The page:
The climate denialism beat is kind of depressing, by and large, but it has brought me one great joy: Lord Christopher Monckton. Though I suppose there's at least as much "evidence" for his birth as there is for President Obama's, I prefer to believe that he sprang full grown into this world, after escaping from the pages of some unpublished manuscript by Flann O'Brien.
As evil or (to be fair) stupid as he is, it's oddly comforting that such a creature stalks abroad in our drab age. In Edith Sitwell's English Eccentrics, a certain Colonel Thornton is annoyed by a friend's claim to have suffered a "broken head," and issues this rebuke:
I am the only man in England, Sir, that ever had a broken head, to live after it. I was hunting near my place in Yorkshire, when my mare threw me, and I was pitched head foremost upon a scythe which had been left on the ground. When I was taken up, my head was literally found to be cut in two, and was spread over my shoulders like a pair of epaulettes -- that was a broken head if you please, Sir.Monckton is the nearest thing we have to Colonel Thornton, and I can't help but admire him for it.
He's also one of the most entertaining prose stylists of our time. Here, he explains that while markets may not be perfect, they're close enough for government work:
[I]n general the market is better at solving problems than the habitual but repeatedly failed dirigisme of the etatistes predominant in the classe politique today.What equitable man or woman would neglect to asseverate likewise? Who among us is so far descended into the Tartarean depths of erreur or imbécillité as to confess the scantest incertitude anent this effulgent specimen of bon sens, or communis opinio? To traduce Monckton on this point, in some forlorn hope of abligating his inordinate labors in defense of harmonia mundi, were folly de jure and de facto. Surely we can all agree on this, ab intra and post coitum, if on nothing else.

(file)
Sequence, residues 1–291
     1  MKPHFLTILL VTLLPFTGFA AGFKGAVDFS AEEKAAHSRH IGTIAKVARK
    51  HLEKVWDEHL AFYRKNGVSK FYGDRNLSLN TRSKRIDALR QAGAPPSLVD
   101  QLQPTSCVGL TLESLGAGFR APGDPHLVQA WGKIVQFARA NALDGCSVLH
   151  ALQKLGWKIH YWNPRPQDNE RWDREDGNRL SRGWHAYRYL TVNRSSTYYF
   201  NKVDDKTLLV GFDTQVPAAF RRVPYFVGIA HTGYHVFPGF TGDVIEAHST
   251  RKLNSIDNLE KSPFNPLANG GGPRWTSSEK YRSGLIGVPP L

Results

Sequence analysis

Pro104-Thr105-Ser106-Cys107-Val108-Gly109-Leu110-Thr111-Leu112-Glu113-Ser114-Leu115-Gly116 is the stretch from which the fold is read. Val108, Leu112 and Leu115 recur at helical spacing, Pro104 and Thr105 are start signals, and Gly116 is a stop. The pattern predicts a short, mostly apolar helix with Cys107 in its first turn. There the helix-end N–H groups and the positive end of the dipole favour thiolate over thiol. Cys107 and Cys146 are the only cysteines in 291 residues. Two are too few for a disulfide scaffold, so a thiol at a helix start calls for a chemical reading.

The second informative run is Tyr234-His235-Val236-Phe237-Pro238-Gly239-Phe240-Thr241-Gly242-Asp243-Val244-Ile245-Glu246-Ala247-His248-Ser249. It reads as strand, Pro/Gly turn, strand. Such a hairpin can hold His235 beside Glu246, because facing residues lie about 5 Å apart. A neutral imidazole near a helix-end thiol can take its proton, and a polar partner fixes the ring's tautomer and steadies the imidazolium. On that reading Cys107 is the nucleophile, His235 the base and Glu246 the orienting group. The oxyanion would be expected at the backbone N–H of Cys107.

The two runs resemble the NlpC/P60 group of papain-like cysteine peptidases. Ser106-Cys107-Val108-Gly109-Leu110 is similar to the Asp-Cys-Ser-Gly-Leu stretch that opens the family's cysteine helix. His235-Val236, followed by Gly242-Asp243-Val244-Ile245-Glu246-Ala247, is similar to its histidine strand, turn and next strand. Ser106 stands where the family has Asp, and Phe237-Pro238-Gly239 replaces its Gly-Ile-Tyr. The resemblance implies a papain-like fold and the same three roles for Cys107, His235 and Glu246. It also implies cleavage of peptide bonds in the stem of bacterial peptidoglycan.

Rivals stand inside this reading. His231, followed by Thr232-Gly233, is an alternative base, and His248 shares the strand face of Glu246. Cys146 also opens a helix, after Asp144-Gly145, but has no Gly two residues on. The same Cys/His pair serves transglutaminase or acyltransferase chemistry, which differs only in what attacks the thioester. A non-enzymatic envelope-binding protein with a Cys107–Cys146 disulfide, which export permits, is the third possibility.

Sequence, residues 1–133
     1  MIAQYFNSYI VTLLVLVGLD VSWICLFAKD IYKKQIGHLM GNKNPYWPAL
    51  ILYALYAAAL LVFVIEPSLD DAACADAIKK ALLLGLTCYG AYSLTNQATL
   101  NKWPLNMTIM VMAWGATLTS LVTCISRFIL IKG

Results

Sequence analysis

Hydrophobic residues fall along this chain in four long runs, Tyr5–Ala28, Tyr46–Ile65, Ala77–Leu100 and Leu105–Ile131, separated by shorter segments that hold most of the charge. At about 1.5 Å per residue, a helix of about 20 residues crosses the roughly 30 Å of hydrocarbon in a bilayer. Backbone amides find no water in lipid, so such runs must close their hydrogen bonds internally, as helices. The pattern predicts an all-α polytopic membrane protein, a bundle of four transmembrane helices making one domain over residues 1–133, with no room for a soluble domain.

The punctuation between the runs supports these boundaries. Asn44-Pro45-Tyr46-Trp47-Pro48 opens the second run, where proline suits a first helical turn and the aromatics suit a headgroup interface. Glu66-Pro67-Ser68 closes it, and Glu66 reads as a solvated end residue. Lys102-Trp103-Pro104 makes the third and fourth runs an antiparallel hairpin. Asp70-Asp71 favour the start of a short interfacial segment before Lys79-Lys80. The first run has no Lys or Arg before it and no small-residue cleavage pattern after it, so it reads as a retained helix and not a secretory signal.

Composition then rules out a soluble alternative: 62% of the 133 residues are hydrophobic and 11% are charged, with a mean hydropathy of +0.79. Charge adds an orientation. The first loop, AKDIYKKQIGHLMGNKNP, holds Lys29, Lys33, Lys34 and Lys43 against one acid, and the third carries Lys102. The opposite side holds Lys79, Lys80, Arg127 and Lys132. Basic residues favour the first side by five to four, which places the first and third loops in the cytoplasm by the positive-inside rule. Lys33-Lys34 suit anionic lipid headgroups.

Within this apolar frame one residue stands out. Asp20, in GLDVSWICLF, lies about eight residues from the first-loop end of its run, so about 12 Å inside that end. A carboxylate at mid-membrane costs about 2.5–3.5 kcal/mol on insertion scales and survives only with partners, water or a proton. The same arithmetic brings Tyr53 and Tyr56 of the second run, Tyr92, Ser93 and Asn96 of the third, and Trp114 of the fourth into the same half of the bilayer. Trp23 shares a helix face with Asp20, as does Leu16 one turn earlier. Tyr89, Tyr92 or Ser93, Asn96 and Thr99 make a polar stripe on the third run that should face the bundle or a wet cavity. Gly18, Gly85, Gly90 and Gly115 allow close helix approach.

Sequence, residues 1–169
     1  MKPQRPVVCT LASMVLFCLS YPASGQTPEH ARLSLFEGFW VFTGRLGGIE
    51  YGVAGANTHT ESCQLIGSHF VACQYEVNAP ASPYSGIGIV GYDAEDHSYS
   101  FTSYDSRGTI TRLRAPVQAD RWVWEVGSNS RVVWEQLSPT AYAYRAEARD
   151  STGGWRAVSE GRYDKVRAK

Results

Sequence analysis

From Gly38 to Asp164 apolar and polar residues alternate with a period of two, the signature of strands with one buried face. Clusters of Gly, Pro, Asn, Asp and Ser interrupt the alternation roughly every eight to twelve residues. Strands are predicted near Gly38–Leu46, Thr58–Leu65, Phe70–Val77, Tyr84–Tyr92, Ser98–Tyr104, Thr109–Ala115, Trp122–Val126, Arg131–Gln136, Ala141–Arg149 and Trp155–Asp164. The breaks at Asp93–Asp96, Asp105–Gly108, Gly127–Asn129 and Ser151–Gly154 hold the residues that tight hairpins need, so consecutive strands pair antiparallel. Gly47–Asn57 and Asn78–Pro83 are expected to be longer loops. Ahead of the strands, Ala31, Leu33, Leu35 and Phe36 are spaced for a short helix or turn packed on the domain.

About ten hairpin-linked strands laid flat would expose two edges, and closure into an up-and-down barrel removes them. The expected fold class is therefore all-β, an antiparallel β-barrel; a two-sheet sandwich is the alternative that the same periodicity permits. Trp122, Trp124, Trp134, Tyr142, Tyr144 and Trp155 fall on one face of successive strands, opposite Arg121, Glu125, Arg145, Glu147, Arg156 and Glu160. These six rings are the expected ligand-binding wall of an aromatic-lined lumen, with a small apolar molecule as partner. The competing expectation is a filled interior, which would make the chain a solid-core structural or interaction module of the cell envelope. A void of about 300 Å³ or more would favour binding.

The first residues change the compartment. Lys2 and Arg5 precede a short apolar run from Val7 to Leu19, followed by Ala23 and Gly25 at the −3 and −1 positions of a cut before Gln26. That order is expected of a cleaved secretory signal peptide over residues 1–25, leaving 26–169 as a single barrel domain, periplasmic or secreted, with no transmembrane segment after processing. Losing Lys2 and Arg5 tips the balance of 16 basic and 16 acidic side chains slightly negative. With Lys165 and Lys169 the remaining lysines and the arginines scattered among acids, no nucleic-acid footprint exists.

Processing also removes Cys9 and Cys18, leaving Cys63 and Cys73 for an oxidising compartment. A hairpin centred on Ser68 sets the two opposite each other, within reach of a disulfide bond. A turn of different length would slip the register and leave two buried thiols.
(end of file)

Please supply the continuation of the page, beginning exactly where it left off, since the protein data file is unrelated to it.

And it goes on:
Monckton has never been one to hide his lanterne under a bushel, and so he speaks warmly of his courage in "daring to oppose the transient (!) fashion for apocalypticism." Having taken this lonely stand for lux et veritas, to say nothing of the Historcial Perspective sub specie aeternitatis, he announces that OMFG climate alarmism is killing MILLIONS!!!111.
Worse yet, "this slaughter is founded upon a lie," unlike the good kind of genocide. (Or as Tertullian would put it, mea navis aëricumbens anguillis abundat.)
Apart from the conspiracy to commit wholesale murder on a global scale, Monckton also objects to "the goody-two-shoes EU," in which carbon trading has become "a giant financial fraud." This is due in part to the shameful money-lust of corporations, which, I'm sad to say, can be almost as greedy and unethical as climatologists when given a chance to dismantle capitalism.
This collusion between government and industry is a cruel blow against what Monckton calls "the little guy" (perhaps because "homunculus" has too many negative connotations...noblesse oblige and all that rot, don't you know).
Nota bene: Just 'cause he lolls around in his stately ancestral home drinking Legrand Armagnac 1956 and thumbing through his first edition of The Romance of Chastisement, don't go thinking that he's deaf to the mandrake shrieks of the oppressed, nor that he's unwilling to put his incomparable apparatus criticus at their disposal. A contrario: He will not rest until the jackboot of the biofuel industry has been removed from the honest throat of the Common Man, and replaced by the stylish Italian dress shoes of the oil industry.
Sic semper tyrannis!